The surprise motion was introduced by Prime Minister Stephen Harper on November 22 in response to a motion by the separatist Bloc Québécois that the House recognize Quebec as a nation. The government resolution substituted the word Québécois for Quebeckers and added the words “within a united Canada”. The motion reads: “That this House recognize that the Québécois form a nation within a united Canada.”

The government has stated that they have no intention to amend the Constitution of Canada to recognize Quebec’s national status although several political analysts have argued that such an attempt is now inevitable.

Recognizing Quebec as a nation is a concept that has divided the Liberal Party of Canada in the period leading to its leadership convention this weekend with leadership contender Michael Ignatieff proposing that idea earlier this fall. Leadership candidates Ken Dryden and Joe Volpe voted against the House of Commons resolution and contender Gerard Kennedy also expressed his opposition while Bob Rae and Stéphane Dion, who have both been critical of Ignatieff’s call for a constitutional amendment have expressed their support for the House of Commons resolution.

Related news

  • “Harper to recognize Quebec as nation within Canada” — Wikinews, November 23, 2006
  • “Canadian Cabinet Minister resigns over Harper’s Quebec motion” — Wikinews, November 27, 2006

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November 22, 2006

State funeral approved by Canadian House of Commons

State funeral approved by Canadian House of Commons

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Wednesday, November 22, 2006

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The House of Commons approved a state funeral for the last standing World War I veteran Tuesday. Three of them are still alive, Percy Wilson, who is 105 years old, Lloyd Clemett and John Babcock, both 106. They are the last three living veterans among the 619,636 Canadians who served between 1914 and 1918.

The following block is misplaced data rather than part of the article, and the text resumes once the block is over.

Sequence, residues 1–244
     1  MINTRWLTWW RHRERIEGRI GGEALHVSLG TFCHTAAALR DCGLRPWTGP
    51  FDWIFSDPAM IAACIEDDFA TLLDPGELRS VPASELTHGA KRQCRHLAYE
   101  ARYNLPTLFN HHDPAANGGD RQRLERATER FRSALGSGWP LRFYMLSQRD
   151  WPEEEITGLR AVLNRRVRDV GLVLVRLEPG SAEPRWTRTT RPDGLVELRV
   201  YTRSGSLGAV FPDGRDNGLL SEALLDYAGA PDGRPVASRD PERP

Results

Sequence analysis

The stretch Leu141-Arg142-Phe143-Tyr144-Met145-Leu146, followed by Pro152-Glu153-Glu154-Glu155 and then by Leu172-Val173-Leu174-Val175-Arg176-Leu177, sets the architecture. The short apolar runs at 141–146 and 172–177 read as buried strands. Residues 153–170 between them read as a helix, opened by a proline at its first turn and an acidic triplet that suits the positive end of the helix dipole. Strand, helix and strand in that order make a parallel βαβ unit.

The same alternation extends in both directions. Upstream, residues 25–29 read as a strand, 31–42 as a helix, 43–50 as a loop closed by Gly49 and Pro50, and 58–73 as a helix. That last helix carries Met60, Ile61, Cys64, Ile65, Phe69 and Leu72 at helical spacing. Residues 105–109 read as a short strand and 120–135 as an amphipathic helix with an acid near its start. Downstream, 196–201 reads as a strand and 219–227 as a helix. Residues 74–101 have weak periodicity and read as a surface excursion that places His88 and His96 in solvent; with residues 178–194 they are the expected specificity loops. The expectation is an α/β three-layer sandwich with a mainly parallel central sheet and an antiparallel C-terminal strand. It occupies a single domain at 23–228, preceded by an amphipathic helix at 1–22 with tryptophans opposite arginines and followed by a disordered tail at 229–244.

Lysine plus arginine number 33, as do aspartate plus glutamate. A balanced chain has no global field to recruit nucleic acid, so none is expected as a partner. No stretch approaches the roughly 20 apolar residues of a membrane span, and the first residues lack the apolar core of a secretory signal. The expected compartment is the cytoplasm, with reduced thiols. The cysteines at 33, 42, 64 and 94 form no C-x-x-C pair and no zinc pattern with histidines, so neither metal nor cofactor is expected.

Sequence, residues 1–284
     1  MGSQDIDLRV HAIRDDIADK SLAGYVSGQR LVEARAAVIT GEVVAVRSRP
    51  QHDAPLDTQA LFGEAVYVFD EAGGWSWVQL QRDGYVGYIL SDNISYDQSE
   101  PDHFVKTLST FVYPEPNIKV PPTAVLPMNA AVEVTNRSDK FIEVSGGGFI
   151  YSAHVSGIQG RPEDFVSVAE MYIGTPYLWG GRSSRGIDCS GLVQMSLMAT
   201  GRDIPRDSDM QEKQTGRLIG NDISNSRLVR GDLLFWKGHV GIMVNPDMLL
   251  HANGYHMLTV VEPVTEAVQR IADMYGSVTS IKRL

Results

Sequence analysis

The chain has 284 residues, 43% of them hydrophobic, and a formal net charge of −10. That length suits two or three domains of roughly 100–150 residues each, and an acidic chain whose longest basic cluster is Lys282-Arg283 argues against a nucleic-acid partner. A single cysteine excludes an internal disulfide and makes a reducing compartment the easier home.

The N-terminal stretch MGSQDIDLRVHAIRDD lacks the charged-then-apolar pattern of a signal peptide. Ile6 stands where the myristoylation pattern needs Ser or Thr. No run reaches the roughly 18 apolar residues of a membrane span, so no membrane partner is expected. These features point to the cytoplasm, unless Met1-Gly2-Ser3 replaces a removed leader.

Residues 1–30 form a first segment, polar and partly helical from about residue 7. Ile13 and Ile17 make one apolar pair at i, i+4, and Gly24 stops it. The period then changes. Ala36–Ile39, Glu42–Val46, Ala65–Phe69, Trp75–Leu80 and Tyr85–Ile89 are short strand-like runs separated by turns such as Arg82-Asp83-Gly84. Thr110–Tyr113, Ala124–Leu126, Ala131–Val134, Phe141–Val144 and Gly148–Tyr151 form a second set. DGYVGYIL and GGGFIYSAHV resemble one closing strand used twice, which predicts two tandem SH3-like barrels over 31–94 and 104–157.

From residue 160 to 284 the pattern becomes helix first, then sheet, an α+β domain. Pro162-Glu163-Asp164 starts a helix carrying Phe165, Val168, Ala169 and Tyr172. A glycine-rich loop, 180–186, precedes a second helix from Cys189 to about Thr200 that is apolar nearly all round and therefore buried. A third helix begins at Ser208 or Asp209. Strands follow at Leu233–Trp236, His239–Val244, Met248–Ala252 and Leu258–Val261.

The motion, introduced by the New Democratic Party, was favored by all party leaders. The motion was prompted by an online petition by the Dominion Institute, a national organization which promotes Canadian history.

State funerals in Canada, by tradition, are reserved for prime ministers and governors general. This bill, which is now in affect in Canada, means that state funerals are not only for prime ministers but for people who have served the country.

“We want to thank the tens of thousands of Canadians who signed our petition in support of state funeral,” said Rudyard Griffiths, the director of the Dominion Institute. “By passing a motion to offer a full state funeral today the Parliament of Canada will allow a grateful nation to pay proper tribute to our last Great War veteran on his passing and honour the over 600,000 Canadians he served with under arms from 1914-1918.”

Australia, also held a state funeral for the final veteran of the Battle of Gallipoli. A State Funeral was offered for Steve Irwin in September 2006, but the offer was declined by his family’s wishes. Canada is the fourth country to have a funeral honoring the last war veteran that served in any war.

“We won’t be able to look them in the eyes anymore and thank them for their service the way we should for everyone who is willing to serve our country the way they did and our armed forces personnel still do,” NDP Leader Jack Layton said.